Amerindian ancestry in Argentina is associated with increased risk for systemic lupus erythematosus

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Abstract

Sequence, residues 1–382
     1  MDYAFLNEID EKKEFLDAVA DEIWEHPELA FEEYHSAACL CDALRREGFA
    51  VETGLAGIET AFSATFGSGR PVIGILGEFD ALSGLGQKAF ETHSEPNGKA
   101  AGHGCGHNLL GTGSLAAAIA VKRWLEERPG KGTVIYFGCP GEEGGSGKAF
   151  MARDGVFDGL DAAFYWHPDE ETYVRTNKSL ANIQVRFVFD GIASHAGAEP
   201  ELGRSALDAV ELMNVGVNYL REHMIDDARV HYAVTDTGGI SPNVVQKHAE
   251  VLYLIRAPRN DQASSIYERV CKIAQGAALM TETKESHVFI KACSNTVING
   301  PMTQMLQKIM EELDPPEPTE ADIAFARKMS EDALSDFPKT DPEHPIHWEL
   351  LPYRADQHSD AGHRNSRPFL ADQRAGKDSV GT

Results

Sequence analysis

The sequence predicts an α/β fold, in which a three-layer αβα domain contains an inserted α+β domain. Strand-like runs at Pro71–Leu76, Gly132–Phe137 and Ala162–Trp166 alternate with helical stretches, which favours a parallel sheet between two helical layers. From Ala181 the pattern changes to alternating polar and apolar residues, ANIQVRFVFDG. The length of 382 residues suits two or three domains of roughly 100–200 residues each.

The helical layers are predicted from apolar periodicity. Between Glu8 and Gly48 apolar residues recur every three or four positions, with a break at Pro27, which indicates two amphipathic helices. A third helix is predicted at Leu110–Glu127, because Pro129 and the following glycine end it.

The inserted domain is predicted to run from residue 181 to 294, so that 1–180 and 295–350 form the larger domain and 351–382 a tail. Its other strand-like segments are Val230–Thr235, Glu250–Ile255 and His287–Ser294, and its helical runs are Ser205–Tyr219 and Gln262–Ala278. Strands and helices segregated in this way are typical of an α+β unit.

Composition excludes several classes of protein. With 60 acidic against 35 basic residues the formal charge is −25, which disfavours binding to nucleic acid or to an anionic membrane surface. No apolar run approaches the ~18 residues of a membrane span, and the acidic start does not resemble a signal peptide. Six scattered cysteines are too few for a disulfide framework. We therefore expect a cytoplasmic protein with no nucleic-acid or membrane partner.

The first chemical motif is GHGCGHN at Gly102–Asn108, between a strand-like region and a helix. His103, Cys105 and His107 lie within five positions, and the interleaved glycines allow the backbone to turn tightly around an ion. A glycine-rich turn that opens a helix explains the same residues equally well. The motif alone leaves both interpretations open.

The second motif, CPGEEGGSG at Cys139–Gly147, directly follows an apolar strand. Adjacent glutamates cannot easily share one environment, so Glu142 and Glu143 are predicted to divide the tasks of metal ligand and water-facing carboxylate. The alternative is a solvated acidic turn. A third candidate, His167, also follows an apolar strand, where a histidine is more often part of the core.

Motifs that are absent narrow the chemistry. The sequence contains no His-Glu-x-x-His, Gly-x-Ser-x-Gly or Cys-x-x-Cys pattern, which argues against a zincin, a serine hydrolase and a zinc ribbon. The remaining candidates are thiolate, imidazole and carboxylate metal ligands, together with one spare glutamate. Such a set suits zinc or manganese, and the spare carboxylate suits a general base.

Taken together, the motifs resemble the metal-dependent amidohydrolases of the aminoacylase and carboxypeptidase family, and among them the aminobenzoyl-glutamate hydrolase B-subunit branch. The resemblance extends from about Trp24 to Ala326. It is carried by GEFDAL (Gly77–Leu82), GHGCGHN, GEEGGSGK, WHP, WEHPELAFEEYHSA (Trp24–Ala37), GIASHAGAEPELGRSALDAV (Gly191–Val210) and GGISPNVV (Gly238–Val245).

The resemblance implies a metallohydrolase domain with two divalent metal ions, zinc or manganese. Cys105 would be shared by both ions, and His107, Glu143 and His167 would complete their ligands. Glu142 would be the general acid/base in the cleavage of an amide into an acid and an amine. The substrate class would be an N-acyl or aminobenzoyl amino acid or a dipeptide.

Previous studies have demonstrated that in admixed populations, West African ancestry is associated with an increased prevalence of systemic lupus erythematosus (SLE). In the current study, the effect of Amerindian ancestry in SLE was examined in an admixed population in Argentina. The Argentine population is predominantly European with approximately 20% Amerindian admixture, and a very small (<2%) contribution from West Africa. The results indicate that Amerindian admixture in this population is associated with a substantial increase in SLE susceptibility risk (Odds Ratio = 7.94, P = 0.00006). This difference was not due to known demographic factors, including site of collection, age and gender. In addition, there were trends towards significance for Amerindian ancestry influencing renal disease, age of onset and anti-SSA antibodies. These studies suggest that populations with Amerindian admixture, like those with West African admixture, should be considered in future studies to identify additional allelic variants that predispose to SLE.

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